[spambayes-dev] Enhanced Outlook statistics display
tameyer at ihug.co.nz
Thu Dec 16 08:43:07 CET 2004
> I'm sure we mentioned that paper here in the early days;
I'll believe you. It may have been prior to the separate mailing list (I
only read that far back), or maybe I just don't recall it - when I did read
the archives, I wasn't really that interested in reading stuff like that.
> and note that
> Gary Robinson's oft-noted site has referred to it too approximately
> forever, although via a different link:
Yes, but *after* the maths, when everyone has stopped reading <wink>.
> I knew the paper, and the choice to model costs in SpamBayes testing
> in terms of hypothetical dollars charged to instances of different
> kinds of errors was deliberate, but there's really no connection
> between those. "Dollars and cents" models are simply intuitively
> appealing to people regardless of statistical background, and I didn't
> want the volunteer testers on this project to feel put out by a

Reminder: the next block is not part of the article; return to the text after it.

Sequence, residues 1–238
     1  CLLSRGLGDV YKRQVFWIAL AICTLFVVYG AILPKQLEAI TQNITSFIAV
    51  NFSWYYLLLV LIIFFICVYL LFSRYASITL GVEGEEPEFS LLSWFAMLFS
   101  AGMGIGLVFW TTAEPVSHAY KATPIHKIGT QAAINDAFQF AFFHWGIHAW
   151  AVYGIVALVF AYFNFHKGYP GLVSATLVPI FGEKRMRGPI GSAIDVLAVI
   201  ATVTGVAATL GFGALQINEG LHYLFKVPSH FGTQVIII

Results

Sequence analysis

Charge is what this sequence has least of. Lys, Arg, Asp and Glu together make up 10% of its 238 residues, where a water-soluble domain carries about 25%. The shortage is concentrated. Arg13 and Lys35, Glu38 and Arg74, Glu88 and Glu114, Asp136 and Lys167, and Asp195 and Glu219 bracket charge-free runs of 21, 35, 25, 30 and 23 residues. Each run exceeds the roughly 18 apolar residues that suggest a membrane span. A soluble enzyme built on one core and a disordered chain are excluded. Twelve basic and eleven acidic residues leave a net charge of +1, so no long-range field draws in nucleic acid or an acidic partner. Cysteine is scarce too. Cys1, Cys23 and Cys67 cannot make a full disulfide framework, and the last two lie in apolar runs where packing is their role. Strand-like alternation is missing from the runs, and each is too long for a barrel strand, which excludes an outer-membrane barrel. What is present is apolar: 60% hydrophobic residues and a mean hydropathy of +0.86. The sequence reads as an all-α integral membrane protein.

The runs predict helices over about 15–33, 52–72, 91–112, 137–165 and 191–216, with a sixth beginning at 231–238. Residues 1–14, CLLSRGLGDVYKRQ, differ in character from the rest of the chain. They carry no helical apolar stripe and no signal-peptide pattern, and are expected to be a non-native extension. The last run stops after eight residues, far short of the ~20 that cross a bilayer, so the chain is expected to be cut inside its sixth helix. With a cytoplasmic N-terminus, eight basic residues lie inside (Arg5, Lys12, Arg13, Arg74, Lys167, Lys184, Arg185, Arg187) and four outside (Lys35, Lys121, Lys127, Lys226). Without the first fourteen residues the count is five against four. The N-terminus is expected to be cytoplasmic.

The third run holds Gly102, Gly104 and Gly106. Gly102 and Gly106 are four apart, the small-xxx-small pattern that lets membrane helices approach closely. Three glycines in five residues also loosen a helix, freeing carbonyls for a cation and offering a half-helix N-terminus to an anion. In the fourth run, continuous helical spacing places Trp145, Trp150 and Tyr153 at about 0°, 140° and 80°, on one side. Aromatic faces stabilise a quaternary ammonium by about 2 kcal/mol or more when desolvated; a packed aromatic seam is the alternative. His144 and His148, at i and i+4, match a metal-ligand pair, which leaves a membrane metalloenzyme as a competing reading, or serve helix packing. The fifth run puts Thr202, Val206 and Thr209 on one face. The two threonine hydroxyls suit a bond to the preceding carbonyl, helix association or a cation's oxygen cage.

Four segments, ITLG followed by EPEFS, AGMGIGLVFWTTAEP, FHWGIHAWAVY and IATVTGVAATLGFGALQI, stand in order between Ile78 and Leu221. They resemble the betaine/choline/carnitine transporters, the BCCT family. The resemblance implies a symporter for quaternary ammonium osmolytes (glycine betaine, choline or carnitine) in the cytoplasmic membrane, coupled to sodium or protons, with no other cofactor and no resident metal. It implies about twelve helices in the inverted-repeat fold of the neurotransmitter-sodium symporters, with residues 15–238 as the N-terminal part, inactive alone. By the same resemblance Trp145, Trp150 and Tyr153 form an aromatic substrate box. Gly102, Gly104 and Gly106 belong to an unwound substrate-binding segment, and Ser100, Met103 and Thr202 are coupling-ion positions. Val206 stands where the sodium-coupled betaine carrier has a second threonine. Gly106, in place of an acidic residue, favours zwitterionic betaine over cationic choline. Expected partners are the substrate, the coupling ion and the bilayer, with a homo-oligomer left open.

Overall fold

> measure that seemed esoteric.
Since I've got you talking <wink>, what was the basis behind the
$10,$1,0.20c choices? Just numbers that seemed right, or something more
> If you're going to provide a single figure of merit, there are
> constraints pushing in this direction. The choice of a linear model
> is convenient and arguably a good first-order (literally)
> approximation to a realistic cost model.
I think the people asking for more statistics (in the GUI) are probably
after a single figure - something to wave in front of people that ask about
the accuracy. Straight lines are easier to draw, too, if we ever do provide
the requested graphical representation <0.5 wink>.
>> (I wish I had found this when I was writing my CEAS paper earlier
>> in the year).
> Then you should have asked <wink>.
Well, it didn't really make that much difference, but it would have saved me
trying to explain the idea. That's what I get for (co)writing a paper in an
area I have very little background in without the luxury of time to do
better background reading. If I do wade outside my 'proper' research area
again, I'll at least be better prepared (and maybe I will ask :).
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